From DRUM! Magazine’s January 2018 Issue | By Rhett Hendrix

From the perfectly reflective fingerprint-free chrome and the buttery smooth bearing edges, to the flawless mirror-like finish, there’s something quite special about unpacking a brand-new set of drums. They even have that “new drum smell” — you know what I’m talking about. As much as you may want them to stay that way forever, over time the chrome will collect oily fingerprints, the finish will become grimy and dull, and the bearing edges will collect dust and debris. But there are a few things you can do to help your drums retain some of that new-kit vibe. Here are some tips.

 

Clean The Chrome

Most drum hoops, lugs, mounting brackets, and cymbal stands are made from chrome-plated steel. With normal use, chrome will begin to dull and can even start rusting over time. An easy trick to remove light rust and surface grit is to clean it with aluminum foil and Coca-Cola, of all things. It sounds weird, but it works really well. Simply apply a small amount of Coke to the chrome and use a piece of lightly crumpled aluminum foil just as if it were a polishing cloth. The foil is softer than the chrome, so it won’t scratch, yet is it abrasive enough to remove rust and debris. The Coke is acidic, so it helps cut through some of the gunk and rust. Follow with a dry soft cloth to remove the remaining residue, and the chrome will look as good as new!

 

Clean The Drum’s Finish

Two types of finishes are commonly applied to drums: lacquer and polyester. You can use furniture polish for both, although it builds up over time and leaves a gunky residue that doesn’t look good at all. The best way to clean both of these finishes is to wipe away dust and grime with a damp microfiber cloth, followed quickly by a dry clean cloth to dry off any remaining water residue. If the finish is particularly gunked up, you can use mild dish soap and warm water on the damp cloth. Just make sure that the cloth isn’t sopping wet — you should never flood the finish with water, especially lacquer. The condensation rings on our moms’ furniture can attest to the fact that it doesn’t take long for water to ruin a good lacquer finish! There are special polishes on the market made for drums and guitars. They can do a great job, but aren’t necessary.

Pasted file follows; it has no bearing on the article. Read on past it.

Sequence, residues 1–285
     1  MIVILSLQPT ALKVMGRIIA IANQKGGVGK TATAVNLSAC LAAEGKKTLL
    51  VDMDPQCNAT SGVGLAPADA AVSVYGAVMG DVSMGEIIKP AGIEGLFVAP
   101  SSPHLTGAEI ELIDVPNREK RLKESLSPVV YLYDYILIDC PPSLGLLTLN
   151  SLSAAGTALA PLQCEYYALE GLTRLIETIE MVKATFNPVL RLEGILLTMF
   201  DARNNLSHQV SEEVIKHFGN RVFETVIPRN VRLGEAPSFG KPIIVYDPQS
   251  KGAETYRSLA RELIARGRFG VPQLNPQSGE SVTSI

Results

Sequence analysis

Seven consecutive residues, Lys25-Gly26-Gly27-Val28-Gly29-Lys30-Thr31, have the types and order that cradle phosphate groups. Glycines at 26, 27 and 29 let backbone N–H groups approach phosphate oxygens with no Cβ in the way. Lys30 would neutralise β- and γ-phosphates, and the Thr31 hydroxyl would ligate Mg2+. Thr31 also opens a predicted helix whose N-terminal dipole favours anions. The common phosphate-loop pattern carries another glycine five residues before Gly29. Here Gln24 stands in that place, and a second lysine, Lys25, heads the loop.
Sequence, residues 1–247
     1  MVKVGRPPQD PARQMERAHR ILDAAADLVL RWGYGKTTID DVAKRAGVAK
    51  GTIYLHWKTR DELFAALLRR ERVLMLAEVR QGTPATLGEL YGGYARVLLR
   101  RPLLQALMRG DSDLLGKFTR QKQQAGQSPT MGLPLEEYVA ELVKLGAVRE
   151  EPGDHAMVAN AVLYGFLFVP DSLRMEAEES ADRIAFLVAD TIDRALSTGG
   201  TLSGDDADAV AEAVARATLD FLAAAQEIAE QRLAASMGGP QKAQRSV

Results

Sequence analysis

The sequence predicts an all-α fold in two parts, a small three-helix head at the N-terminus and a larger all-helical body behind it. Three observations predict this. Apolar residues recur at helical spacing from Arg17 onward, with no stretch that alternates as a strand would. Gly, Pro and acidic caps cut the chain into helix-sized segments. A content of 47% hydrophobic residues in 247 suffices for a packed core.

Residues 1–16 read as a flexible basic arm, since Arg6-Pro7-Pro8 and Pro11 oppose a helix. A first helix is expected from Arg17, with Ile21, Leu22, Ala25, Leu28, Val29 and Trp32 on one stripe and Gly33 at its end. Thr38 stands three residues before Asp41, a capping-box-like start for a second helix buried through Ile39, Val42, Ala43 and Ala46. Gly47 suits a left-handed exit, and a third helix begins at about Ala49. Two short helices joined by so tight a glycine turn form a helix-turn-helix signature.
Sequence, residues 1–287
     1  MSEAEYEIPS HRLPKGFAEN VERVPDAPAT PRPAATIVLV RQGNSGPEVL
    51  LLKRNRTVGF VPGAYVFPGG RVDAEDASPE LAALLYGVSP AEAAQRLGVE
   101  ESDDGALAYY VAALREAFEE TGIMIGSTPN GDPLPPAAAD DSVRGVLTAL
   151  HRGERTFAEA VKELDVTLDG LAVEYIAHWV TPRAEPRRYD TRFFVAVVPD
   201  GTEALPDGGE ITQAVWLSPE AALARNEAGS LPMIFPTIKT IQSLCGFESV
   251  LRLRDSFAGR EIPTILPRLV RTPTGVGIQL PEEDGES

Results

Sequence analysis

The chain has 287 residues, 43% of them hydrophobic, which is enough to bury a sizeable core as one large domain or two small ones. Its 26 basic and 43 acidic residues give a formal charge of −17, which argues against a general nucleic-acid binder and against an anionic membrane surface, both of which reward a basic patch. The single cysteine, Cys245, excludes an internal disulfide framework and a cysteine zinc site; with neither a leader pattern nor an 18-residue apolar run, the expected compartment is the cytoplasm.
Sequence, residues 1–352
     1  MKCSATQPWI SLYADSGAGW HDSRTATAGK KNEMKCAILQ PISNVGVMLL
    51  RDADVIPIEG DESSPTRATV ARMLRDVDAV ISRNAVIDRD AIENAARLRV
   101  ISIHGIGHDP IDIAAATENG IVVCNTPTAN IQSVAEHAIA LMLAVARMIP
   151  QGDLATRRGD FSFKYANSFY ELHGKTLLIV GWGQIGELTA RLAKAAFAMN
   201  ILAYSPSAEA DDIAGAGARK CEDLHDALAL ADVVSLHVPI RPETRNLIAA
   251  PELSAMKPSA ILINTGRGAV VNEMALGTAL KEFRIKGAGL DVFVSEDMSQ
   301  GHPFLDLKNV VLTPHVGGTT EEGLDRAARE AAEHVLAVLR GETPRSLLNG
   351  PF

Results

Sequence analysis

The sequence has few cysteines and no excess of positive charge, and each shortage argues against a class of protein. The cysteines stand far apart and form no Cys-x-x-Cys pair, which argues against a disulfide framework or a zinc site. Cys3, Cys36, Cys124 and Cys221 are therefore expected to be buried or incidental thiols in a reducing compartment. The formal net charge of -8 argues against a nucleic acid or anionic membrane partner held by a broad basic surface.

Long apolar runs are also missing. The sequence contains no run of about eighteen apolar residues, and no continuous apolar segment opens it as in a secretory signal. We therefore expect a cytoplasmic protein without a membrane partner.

Clean The Bearing Edge

Bearing edges start collecting dust and debris over time — nobody knows how it manages to get inside the shell, but by what can only be described as a miraculous act, it always does! You’d be surprised how much a small amount of debris on the bearing edge can affect the overall sound and performance of a drum. To fix this, simply remove the heads and wipe down the edges with a dry cloth. If you see any rough spots or stuck-on debris, extra fine steel wool is great for removing them without altering the edge’s profile or shape. Before putting the heads back on, apply a generous coat of paste wax to the edge and rub it in. After a few minutes, polish it off with a soft cloth and your edges will be as smooth as butter again. This will help ease tuning and aid in head seating.

Now if only we could figure out how to restore that “new drum smell!”

 

Rhett Hendrix is the owner of Hendrix Drums, a custom drum company in Dothan, Alabama, which specializes in solid stave snare drums and kits.

Comments

comments